Daily Update: Monday, September 7th, 2015

Joseph Verbis Lafleur and Labor Day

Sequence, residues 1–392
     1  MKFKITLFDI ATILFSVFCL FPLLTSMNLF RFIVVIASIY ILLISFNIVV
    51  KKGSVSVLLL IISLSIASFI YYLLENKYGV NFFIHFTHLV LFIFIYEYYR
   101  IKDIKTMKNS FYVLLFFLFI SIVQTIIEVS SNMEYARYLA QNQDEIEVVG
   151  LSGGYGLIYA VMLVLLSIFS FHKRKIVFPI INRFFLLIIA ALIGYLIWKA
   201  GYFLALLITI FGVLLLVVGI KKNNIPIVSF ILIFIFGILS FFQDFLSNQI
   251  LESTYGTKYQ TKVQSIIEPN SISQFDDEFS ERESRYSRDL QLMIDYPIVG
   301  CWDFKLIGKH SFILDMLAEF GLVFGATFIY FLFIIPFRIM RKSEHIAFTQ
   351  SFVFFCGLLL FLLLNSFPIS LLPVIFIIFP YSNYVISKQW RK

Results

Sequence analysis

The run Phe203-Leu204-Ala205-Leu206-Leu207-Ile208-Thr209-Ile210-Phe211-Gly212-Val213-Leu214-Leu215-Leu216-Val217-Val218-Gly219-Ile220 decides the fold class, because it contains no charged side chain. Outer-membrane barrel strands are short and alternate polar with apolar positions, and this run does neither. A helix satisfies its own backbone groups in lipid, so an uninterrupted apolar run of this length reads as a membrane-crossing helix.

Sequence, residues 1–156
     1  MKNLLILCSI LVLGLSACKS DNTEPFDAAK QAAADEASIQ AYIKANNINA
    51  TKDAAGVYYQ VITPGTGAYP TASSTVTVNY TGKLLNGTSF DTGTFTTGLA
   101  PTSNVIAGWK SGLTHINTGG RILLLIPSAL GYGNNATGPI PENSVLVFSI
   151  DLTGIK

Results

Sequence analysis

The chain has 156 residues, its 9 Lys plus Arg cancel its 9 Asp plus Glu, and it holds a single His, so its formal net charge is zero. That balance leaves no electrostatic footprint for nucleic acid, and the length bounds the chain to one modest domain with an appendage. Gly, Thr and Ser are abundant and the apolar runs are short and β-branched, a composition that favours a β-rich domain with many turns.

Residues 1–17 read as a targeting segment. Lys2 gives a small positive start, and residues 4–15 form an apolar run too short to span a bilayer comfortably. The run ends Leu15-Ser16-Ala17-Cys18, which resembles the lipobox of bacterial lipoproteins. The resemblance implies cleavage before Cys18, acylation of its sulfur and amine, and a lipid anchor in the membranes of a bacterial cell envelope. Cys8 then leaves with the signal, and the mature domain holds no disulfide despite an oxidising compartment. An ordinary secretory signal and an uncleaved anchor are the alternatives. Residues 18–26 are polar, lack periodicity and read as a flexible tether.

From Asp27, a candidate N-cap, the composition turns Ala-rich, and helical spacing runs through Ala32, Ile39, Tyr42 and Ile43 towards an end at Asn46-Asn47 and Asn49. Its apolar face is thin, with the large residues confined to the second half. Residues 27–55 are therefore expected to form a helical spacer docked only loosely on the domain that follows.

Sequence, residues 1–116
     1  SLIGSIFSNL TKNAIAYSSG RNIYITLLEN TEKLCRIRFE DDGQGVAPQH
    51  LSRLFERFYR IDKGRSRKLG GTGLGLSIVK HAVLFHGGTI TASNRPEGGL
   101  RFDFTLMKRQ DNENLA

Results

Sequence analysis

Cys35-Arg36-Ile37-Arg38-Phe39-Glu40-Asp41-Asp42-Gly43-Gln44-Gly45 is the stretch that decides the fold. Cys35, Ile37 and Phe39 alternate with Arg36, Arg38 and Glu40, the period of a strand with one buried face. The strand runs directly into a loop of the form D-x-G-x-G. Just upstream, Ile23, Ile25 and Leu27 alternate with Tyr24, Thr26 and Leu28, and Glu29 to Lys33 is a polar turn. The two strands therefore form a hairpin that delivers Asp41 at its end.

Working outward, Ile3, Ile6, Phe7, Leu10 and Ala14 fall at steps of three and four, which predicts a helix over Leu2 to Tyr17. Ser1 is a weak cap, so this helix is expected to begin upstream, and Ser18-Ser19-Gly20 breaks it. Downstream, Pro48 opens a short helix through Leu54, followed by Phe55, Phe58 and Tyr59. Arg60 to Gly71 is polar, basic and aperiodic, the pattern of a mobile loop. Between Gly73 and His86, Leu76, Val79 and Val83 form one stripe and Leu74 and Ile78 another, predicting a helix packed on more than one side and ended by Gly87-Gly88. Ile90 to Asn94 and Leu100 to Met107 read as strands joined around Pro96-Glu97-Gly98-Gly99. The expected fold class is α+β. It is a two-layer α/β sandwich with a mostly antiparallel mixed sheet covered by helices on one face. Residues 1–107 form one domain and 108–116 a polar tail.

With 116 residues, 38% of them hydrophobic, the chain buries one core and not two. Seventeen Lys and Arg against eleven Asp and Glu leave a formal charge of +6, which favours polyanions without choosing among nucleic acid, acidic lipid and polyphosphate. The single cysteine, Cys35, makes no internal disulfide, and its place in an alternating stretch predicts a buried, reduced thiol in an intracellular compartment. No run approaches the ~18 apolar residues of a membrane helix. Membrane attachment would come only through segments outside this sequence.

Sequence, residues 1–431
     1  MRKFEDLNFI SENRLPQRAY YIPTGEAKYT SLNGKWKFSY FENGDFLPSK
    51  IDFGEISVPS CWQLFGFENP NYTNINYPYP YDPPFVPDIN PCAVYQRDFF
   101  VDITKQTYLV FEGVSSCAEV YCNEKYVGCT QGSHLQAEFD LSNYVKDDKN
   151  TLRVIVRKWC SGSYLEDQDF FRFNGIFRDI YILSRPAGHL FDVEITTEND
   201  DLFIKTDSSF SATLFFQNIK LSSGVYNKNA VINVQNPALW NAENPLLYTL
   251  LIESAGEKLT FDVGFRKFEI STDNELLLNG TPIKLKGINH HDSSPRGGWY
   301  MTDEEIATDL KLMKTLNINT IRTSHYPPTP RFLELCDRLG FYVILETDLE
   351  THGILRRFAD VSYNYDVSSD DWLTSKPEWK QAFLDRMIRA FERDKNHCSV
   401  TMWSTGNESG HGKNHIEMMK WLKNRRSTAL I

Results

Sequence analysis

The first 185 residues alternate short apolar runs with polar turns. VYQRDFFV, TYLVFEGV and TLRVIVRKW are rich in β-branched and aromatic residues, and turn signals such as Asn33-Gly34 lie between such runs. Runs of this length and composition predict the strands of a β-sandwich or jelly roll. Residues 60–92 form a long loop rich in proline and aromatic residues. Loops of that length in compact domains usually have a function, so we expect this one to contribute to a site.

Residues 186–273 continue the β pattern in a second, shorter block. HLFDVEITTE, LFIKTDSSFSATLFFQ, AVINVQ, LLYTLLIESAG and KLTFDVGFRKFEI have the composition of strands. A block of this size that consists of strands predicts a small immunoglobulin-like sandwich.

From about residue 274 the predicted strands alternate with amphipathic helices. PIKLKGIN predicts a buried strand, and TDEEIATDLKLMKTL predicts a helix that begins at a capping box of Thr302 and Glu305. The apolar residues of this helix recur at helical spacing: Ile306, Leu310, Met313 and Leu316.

Today is the Remembrance of  Reverend Lt. Joseph Verbis Lafleur (died 1944). And today is celebrated as Labor Day in these fifty United States.